I’m the Director of Discipleship Ministries at Covenant Church in Fayetteville, Georgia. For over a year we’ve been doing an in-depth evaluation of our Christian education efforts. Evaluation should be a regular part of everything we do.
We’ve looked at our community. Who we are reaching. Who we’re not. A large number of African Americans are moving into what we consider our “parish.” How is it possible for us to become a more racially integrated congregation?
We’ve looked at our purpose against the backdrop of the church’s broader purpose. We want “to introduce people to Jesus and help them grow in their relationship to him and to others.” The short version is “Reach and teach to love and serve.” That’s our summary of discipleship.
We’ve looked at our curriculum. Does it do what we want? Are there ways we need to supplement? We’ve checked attendance records. How are we doing relative to the community and to the church ministries? We interviewed teachers and leaders. What do they think they have achieved?
Then we took a further step, one that the church’s Christian Education committee thought was a natural outgrowth of our analysis. We decided to interview young people who spent a substantial part of their growing up years in the congregation. We invited six young adults to join a round table in which they assessed the impact of the congregation’s efforts on their behalf.
When I mentioned to them what we were doing, the response was basically, “What a gutsy thing to do.” But we didn’t think of it that way. In fact, I would favor such a discussion with some who had dropped out of church somewhere along the way.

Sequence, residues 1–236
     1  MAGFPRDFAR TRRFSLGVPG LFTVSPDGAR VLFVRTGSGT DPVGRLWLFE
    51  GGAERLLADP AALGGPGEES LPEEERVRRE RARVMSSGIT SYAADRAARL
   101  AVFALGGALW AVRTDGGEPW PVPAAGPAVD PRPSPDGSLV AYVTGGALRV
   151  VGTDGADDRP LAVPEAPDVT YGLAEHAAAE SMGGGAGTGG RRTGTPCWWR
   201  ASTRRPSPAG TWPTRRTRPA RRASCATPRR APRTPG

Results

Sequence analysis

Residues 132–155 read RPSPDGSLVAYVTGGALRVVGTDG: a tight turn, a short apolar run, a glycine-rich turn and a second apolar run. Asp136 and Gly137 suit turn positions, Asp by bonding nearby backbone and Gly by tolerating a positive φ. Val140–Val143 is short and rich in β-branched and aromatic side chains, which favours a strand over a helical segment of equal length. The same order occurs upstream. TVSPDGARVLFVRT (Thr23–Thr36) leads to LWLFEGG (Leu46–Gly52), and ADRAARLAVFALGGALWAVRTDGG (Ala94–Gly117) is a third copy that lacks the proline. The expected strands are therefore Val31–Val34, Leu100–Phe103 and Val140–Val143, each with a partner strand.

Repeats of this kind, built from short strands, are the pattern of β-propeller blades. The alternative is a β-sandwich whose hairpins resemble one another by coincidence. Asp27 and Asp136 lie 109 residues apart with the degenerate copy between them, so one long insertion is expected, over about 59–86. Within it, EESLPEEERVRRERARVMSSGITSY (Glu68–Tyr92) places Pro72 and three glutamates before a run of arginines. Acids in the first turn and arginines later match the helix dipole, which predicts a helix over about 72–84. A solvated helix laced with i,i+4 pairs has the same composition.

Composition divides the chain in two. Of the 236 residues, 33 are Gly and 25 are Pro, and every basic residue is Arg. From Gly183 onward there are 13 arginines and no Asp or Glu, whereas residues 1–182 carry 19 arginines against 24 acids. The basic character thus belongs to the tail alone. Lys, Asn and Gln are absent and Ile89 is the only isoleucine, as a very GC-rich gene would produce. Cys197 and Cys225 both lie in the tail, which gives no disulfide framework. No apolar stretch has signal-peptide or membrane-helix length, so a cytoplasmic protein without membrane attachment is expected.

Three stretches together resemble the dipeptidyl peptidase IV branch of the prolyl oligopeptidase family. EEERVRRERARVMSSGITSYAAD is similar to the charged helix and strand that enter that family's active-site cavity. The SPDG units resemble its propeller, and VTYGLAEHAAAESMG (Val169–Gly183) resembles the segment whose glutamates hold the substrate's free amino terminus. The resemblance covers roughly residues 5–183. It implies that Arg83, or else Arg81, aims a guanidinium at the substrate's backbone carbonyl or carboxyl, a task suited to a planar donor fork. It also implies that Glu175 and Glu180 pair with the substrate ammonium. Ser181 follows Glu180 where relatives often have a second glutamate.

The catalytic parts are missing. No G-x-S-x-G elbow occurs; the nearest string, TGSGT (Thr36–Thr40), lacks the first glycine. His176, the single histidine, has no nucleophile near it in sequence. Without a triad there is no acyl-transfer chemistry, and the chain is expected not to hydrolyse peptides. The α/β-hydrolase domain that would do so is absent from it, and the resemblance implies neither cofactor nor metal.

It is God who changes hearts. But for whatever reason, he has chosen to use us. I believe he is most pleased when we do the best we’re able to do. To put it another way, a teacher hasn’t taught until the student has learned. With the gospel, learning is used by the Spirit to produce change – in our thinking, our desires, and our activities. So it makes sense to see what the product looks like. It also makes sense to assess the perceived impact our efforts have made.
In this case we were affirmed. Certain teachers and leaders stood out. The overall assessment was that they were grounded in our theology and sensitized to the importance of relationships. Mission trips opened their eyes to God’s will for his people everywhere. They were taught to serve. The biggest weakness discussed was the availability of programming for those recently out of high school.
The next step in our process is to talk with a larger cross section of the congregation to brainstorm where we go from here. Out of that, goals and strategy will emerge.